Washington announced on Thursday (21 May) it would withdraw from the 35-nation Open Skies Treaty, allowing unarmed surveillance flights over signatory states, the Trump administration’s latest move to pull the country out of yet another major global landmark accord.
The accord, signed in 1992 and in force since 2002, allows its signatories to conduct short-notice unarmed surveillance flights to gather information on each other’s military forces and installations, thereby contributing to inspections of conventional arms control and strategic offensive weapons and reducing the risk of conflict.
The idea is that the more rival militaries know about each other, the less the chance of conflict between them.
Russia and the US, the world’s two biggest nuclear powers, have used it to keep an eye on each other’s activities, but in recent years senior US officials and global non-proliferation experts have warned US President Trump may pull Washington out of the pact.
US officials have long complained Russia had failed to comply with the deal, forbidding overflights of key strategic regions and military exercises and accused Moscow using its flights to collect sensitive information on American infrastructure.
The US “cannot remain in arms control agreements that are violated by the other side, and that are actively being used not to support but rather to undermine international peace and security,” US Secretary of State, Mike Pompeo, said in a statement on Thursday.
Pompeo cited Russian restrictions on flights and claimed Moscow has used the treaty as “a tool to facilitate military coercion.”
“Moscow appears to use Open Skies imagery in support of an aggressive new Russian doctrine of targeting critical infrastructure in the US and Europe with precision-guided conventional munitions,” Pompeo said.
“Rather than using the Open Skies as a mechanism for improving trust and confidence through military transparency, Russia has, therefore, weaponized the Treaty by making it into a tool of intimidation and threat,” he added.
If not for the value its European allies place on the treaty, Pompeo said the US “would likely have exited long ago.”
Pompeo’s statement leaves open the possibility that Washington might “reconsider” its withdrawal “should Russia return to full compliance with the treaty.”
With Russia being formally notified on Friday, the withdrawal will take effect six months after the official notice.
Open Skies is the third major security agreement, after the Intermediate-range Nuclear Forces Treaty (INF), a landmark 1987 pact with Russia banning a whole class of medium-range ground-launched nuclear-capable missiles of 500 to 5,500 kilometres, and the Iran nuclear deal, which Washington decided to scrap in recent years.
“The withdrawal by the US from this treaty would be not only a blow to the foundation of European security… but to the key security interests of the allies of the US,” Russia’s deputy foreign minister Alexander Grushko told RIA-Novosti.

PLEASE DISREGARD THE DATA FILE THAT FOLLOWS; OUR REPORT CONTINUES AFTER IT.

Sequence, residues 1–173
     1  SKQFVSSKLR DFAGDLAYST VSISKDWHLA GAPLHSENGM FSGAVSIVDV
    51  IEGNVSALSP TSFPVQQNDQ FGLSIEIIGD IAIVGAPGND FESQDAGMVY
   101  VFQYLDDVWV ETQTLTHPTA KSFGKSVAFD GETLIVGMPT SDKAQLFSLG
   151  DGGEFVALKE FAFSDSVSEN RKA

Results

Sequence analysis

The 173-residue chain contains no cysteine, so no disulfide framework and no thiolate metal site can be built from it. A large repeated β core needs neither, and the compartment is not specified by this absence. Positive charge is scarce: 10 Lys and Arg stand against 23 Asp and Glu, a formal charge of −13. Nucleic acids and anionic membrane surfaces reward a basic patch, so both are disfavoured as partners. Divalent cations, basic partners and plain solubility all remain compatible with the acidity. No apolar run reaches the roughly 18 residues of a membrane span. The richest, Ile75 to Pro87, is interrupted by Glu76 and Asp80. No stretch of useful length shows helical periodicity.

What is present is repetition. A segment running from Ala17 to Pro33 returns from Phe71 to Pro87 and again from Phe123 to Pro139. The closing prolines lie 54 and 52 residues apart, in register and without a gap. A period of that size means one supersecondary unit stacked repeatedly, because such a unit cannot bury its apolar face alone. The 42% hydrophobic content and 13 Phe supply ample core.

Grushko, deputy minister overseeing relations with NATO and the EU, said Trump was trying to justify the exit from a “fundamental treaty” via “technical issues” that should be resolved within the treaty.
“Nothing prevents continuing the discussions over the technical issues which the US is misrepresenting as violations by Russia,” he said.
The announcement, greeted by US conservatives who for long have expressed frustration with global arms control agreements, was met with deep disapproval from former intelligence and national security officials on both sides of the Atlantic.
“This is insane,” former CIA director Michael Hayden tweeted.
Expect tensions within Europe
Trump’s move is likely to deepen the rift between Washington and its European and NATO allies, which use the accord to conduct critical overflights of Europe’s vulnerable eastern flank.
NATO allies and countries like Ukraine, which borders Russia, had previously urged Washington not to withdraw, which would end overflights of Russia by the remaining members, weakening European security at a time that Russian-backed separatists are holding parts of Ukraine and Georgia.
“All Allies agree that arms control, disarmament, and non-proliferation make essential contributions to achieving the Alliance’s security,” a NATO official told EURACTIV after the announcement, adding that NATO leaders repeatedly reiterated “their concern over Russia’s selective implementation of the Open Skies Treaty, and that this undermines our security”.
However, asked by EURACTIV whether NATO received pre-notice of the withdrawal intention, the official only replied allies would “continue to consult closely on the future of the treaty”.
NATO ambassadors are expected to meet in Brussels on Friday afternoon to discuss the issue.
However, most European allies have so far refrained to comment on the step.
Asked for comment after the withdrawal announcement whether a pre-notice had been send to Brussels on the intention to pull out of the accord, EURACTIV did not hear back before publication of this article.
In December, an EU spokesperson confirmed to EURACTIV that Brussels is aware of the withdrawal debate, after Europeans tried to influence the US position with a letter to US Secretary of Defense, Mark Esper, while the UK, France and Germany wrote a joint démarche.
Germany’s foreign minister Heiko Maas said he “very much regrets the announcement”, stressing that despite the “difficulties in implementing the treaty on the Russian side in recent years, in our view this does not justify termination, as I have repeatedly made clear to foreign minister Pompeo with my colleagues from France, Poland and the UK”.